Arabian Kingdom Speaks Out On Climate Change

by Mark Lovett on December 7, 2009

As the COP15 talks in Copenhagen get underway, this interesting video has surfaced. It’s staged, of course, but imagine how different the world would be if the leaders of oil rich countries had the guts, the honesty, and the integrity to actually step forward and make a commitment to alter the course of history.

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The United Nations Climate Change Conference is being held

from December 7th to 18th, 2009 in Copenhagen.

Historical Reference

With mounting evidence that rising levels of CO2 in the atmosphere had the potential to affect the earth’s weather, the United Nations General Assembly decided in 1990 to start work on a climate change convention. These efforts resulted in 154 countries signing the United Nations Framework Climate Change Convention (UNFCCC) at the UN Summit in Rio de Janeiro in 1992. Since that time, some 193 countries, including the USA, have ratified the convention.

The goals of the climate change convention are to stabilize the amount of greenhouse gases in the atmosphere at a level that prevents dangerous man-made climate changes.

The Intergovernmental Panel on Climate Change (IPCC) was created in 1988 by the special UN organizations for environment (UNEP) and meteorology (WMO), following the Brundtland Report – ”Our Common Future”.

  • The first working group evaluates literature in natural science about climate and climate change.
  • The second is concerned with the consequences of climate change, and the potential for adapting to them.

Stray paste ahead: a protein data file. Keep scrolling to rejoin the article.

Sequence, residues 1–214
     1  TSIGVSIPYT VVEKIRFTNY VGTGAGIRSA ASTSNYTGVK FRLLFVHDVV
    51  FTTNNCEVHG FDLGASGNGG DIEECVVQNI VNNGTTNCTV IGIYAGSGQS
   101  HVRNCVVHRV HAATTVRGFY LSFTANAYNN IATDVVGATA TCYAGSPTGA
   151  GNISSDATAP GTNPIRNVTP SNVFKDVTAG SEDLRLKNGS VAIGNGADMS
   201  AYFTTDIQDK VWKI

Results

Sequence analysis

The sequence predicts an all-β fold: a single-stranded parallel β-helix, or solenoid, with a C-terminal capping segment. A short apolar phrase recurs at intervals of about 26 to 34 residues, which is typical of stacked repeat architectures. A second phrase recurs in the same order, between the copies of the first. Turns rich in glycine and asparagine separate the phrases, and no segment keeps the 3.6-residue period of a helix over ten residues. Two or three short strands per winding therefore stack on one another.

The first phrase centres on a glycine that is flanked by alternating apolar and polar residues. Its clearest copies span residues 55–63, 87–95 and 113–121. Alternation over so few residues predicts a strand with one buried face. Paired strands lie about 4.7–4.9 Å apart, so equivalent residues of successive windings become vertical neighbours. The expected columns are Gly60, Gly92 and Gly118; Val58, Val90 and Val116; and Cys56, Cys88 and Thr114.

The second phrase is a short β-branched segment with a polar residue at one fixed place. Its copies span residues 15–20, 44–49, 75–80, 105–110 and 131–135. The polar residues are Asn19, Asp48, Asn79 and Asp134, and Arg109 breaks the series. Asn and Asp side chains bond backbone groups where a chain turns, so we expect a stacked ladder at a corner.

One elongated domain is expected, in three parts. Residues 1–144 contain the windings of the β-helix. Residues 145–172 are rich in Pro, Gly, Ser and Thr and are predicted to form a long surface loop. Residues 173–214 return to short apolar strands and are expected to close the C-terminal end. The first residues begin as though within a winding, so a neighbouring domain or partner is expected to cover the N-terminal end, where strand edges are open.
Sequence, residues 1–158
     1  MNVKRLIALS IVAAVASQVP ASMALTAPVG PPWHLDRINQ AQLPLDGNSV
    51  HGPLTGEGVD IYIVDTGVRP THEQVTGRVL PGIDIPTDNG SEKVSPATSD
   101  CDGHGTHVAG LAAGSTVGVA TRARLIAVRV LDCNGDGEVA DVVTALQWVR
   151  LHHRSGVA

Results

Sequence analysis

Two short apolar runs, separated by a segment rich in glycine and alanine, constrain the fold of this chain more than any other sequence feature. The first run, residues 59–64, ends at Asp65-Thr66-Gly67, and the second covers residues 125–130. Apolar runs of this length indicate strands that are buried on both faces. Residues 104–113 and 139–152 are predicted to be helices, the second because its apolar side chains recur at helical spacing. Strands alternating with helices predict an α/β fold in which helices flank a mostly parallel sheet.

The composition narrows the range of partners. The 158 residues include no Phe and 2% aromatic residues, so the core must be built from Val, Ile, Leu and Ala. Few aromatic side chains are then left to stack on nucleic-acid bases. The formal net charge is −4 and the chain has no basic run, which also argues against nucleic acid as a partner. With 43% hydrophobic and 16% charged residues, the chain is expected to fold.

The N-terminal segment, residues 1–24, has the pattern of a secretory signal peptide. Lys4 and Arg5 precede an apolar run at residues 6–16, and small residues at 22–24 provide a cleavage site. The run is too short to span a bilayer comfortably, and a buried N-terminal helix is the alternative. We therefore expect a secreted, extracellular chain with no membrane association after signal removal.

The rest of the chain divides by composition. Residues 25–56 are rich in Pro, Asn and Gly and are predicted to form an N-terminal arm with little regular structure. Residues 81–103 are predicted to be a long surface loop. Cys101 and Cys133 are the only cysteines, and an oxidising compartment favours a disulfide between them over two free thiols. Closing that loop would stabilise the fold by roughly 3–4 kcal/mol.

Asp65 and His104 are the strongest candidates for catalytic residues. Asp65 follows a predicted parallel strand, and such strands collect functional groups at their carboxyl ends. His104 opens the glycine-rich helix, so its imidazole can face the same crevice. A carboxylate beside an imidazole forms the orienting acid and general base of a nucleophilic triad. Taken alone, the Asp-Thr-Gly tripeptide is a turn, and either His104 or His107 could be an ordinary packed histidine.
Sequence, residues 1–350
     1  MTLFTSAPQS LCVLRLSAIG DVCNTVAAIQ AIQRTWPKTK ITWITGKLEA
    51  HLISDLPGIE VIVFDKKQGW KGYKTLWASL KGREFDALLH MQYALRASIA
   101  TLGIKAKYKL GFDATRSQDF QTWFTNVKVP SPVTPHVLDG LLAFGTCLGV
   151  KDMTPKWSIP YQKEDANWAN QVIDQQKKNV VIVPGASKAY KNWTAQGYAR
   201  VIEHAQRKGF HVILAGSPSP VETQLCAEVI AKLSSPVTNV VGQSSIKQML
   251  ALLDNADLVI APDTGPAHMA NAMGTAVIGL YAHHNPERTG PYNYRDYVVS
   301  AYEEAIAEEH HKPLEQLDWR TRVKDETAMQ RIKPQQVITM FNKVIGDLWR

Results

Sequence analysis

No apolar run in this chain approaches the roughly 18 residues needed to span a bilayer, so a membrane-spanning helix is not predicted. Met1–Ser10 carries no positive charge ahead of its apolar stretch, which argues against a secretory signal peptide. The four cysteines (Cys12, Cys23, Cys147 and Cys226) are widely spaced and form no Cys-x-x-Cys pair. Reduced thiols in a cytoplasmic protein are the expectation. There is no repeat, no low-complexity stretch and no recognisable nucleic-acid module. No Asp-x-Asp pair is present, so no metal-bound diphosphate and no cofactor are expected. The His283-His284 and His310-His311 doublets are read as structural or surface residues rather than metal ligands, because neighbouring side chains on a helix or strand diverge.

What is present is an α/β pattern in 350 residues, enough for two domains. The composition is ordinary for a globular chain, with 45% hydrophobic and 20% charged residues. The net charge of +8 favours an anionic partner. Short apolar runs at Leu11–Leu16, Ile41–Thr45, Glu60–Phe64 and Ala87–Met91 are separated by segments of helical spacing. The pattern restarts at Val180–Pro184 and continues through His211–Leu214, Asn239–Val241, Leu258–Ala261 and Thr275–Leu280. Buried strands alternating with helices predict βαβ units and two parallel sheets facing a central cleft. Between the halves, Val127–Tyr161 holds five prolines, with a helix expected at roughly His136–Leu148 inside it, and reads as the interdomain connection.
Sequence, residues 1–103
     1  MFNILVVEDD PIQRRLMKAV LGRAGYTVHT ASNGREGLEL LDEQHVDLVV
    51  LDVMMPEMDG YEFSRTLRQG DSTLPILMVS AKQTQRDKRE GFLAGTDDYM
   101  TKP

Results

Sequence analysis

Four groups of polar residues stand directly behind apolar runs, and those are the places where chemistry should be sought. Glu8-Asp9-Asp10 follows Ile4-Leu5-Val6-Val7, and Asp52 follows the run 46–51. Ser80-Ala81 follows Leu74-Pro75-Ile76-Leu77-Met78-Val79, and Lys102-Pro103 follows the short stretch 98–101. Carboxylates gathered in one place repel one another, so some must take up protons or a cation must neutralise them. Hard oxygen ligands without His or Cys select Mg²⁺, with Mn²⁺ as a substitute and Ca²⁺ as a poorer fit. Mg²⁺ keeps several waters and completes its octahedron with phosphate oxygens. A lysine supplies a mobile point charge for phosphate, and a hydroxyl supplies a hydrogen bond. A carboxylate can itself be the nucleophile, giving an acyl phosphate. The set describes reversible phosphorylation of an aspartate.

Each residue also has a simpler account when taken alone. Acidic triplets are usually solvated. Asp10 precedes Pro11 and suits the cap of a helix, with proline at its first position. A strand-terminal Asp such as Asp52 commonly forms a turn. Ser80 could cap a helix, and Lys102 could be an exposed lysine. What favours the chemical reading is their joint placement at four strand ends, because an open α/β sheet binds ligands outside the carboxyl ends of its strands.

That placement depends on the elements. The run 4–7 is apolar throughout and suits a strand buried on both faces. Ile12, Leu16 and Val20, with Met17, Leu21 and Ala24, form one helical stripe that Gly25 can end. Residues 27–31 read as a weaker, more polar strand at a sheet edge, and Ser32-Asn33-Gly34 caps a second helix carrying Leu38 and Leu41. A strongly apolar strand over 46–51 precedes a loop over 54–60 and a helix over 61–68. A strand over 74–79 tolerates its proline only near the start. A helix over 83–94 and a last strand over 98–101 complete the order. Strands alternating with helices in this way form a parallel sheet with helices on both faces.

• The third working group evaluates the potential for reducing the planet’s emissions of greenhouse gases.
  • The Task Force is responsible for the National Greenhouse Gas Inventories Program.

The IPCC has published four Assessment Reports (in 1990, 1995, 2001 and 2007). Each Assessment Report consists of contributions from the three working groups and a Synthesis Report.

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IPCC Mandate

The IPCC was established to provide the decision-makers and others interested in climate change with an objective source of information about climate change. The IPCC does not conduct research, nor does it monitor climate related data or parameters.

Its role is to assess on a comprehensive, objective, open and transparent basis the latest scientific, technical and socio-economic literature produced worldwide relevant to the understanding of the risk of human-induced climate change, its observed and projected impacts and options for adaptation and mitigation.

IPCC reports should be neutral with respect to policy, although they need to deal objectively with policy relevant scientific, technical and socio economic factors. They should be of high scientific and technical standards, and aim to reflect a range of views, expertise and wide geographical coverage.

You are encouraged to conduct your own research on the organizations listed above, their methodologies and published findings. This is a very complicated subject, and one that changes frequently as new data is introduced, but the importance of this topic cannot be understated, as the health and well-being of the planet is at stake.

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